I want to start a discussion using one of Rosalynde’s comments as a launching point. In a comment on my first post, Rosalynde reminded us that we in the church often talk about the Protestant Reformers as though they helped lay the groundwork for the Restoration. She used the term “proto-prophets” to describe the talk. Names like Luther, Calvin, Zwingli, and Tyndale can be dropped from our lips without anyone blinking an eye in discussions about the preconditions necessary for the “coming forth” of the Restoration. We often talk about the framers of the Constitution or explorers like Columbus in the same terms, as people who had some vital part in the Restoration project long before Joseph Smith was born. Our own scripture calls the framers “wise men whom I raised up” (D&C 101:80).
Bracketing for a moment the question of whether Mormons should be talking about Reformers as proto-prophets, I want to reflect upon our practice of talking about them in such ways. The examples are enough, I think, to suggest the more general point that Mormons believe they have room in their history (and perhaps also in their theology) for non-Mormons who help make the grand work possible. The question then becomes why we stop with reformers, explorers, and framers. Does our own logic demand that we continue past 1820 to consider outsiders who did other lines of work useful to the church? If we talk about non-LDS “preparing the ground” for the beginning of the Restoration, why do we not talk about non-LDS preparing ground for the middle, the end, and points in between?
Nothing in our talk requires proto-prophets to be perfect; we can admit the private failings of Jefferson and Franklin even while allowing them to be “raised up” for special purposes. Why, then, are we not extending the idea to the 1820s when the Palymra ministers provoked Joseph Smith to read and ponder the Bible; to the 1830s when temperance reformers prompted questions leading to the Word of Wisdom; to the 1840s when eastern womens’ societies inspired the founders of the Female Relief Society of Nauvoo; to the 1860s when British mercantilists lit the imaginations of our cooperative enterprisers; to the 1930s when FDR’s welfare state sent our apostles looking for alternatives; to the 1970s when women’s lib opened the way for LDS women praying in sacrament meeting? The examples could go on and on, branching off from people–the proto-prophets–to more recent cultural movements akin to older streams like religious liberty or the dignification of the common man.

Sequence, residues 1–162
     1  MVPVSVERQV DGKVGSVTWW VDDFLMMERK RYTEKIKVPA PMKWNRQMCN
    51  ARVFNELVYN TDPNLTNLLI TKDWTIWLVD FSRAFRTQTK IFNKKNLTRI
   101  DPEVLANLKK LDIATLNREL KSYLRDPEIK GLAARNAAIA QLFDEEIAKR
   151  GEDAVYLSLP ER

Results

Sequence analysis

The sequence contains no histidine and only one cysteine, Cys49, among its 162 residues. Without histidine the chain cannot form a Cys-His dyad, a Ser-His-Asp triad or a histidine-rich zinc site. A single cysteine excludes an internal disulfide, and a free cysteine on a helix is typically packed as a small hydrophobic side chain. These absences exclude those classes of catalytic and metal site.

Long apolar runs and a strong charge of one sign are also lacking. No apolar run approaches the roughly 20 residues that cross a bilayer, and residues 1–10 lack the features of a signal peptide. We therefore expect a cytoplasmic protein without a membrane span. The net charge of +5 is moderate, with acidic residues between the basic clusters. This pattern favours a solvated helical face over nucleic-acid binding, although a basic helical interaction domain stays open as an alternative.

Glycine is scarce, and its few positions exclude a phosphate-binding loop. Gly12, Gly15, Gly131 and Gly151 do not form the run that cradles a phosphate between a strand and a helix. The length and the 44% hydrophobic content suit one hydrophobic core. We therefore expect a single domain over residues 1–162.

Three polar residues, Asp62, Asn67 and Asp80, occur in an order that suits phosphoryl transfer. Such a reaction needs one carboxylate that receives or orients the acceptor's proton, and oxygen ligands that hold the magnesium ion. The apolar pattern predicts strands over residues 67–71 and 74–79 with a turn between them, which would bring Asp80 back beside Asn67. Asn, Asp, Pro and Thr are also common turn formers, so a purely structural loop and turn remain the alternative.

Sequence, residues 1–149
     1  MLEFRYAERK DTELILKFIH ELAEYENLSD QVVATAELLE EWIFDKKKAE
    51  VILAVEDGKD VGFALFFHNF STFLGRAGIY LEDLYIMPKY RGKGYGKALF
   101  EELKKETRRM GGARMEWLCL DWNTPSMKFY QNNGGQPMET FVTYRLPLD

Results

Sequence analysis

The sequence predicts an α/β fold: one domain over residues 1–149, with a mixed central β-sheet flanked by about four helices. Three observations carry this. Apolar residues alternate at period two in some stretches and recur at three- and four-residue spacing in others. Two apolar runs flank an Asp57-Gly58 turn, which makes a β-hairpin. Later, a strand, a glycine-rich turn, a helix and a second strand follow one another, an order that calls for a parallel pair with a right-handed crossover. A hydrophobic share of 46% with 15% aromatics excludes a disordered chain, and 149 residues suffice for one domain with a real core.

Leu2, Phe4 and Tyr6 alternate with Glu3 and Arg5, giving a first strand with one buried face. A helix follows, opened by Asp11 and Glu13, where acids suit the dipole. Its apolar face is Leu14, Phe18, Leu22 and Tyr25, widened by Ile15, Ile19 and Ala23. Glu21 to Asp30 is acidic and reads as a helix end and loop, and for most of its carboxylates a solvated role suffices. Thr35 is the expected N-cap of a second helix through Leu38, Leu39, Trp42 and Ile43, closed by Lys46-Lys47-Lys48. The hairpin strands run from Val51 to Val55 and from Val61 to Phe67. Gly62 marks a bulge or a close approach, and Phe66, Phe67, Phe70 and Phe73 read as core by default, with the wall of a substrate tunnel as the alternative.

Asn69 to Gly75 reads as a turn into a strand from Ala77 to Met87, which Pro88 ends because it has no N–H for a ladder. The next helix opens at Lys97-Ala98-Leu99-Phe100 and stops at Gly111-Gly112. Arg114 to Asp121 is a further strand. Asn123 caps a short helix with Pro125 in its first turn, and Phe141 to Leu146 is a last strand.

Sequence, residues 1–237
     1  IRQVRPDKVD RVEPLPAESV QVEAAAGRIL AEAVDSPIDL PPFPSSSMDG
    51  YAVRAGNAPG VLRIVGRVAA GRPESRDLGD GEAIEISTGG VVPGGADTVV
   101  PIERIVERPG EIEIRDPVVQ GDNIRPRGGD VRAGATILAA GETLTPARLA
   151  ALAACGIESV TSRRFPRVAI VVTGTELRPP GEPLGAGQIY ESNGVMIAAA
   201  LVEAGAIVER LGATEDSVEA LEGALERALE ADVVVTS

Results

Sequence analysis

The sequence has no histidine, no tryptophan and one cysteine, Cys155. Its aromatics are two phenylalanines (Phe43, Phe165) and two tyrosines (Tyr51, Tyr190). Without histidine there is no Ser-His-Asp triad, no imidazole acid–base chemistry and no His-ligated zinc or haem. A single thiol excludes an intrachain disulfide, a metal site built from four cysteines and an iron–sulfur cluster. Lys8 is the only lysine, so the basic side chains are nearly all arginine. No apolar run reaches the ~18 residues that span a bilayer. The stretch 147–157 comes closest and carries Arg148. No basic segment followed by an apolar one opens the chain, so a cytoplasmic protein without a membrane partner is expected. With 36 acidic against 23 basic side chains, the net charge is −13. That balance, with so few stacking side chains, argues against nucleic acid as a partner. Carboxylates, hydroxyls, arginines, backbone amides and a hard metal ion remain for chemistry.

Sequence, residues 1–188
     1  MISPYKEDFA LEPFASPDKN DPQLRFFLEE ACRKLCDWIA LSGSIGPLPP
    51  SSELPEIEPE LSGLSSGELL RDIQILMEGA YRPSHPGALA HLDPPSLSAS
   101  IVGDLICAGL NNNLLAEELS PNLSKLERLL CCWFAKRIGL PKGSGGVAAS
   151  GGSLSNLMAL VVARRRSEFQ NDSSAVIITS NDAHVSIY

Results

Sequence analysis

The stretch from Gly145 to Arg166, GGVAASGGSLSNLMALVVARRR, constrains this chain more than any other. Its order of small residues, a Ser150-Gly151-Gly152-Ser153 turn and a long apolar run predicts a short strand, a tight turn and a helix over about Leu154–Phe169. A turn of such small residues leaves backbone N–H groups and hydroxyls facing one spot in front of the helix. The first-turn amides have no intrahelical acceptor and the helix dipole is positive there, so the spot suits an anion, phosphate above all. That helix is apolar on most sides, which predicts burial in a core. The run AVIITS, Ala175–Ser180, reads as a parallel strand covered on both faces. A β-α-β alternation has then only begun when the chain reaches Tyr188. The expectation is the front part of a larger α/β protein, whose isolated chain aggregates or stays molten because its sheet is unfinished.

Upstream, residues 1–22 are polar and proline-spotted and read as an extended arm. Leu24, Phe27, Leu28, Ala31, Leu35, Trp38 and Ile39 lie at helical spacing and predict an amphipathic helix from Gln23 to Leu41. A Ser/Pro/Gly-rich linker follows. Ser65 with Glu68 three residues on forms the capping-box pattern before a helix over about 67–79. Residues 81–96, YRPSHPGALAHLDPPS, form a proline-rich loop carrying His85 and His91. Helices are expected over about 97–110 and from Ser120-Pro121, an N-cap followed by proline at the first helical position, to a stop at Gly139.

I am not denying revelation in our doctrines and practices; nor am I advocating that we approach our history in this way. I am, however, interested in our speech practices, specifically, the implications in our speech about the Reformers.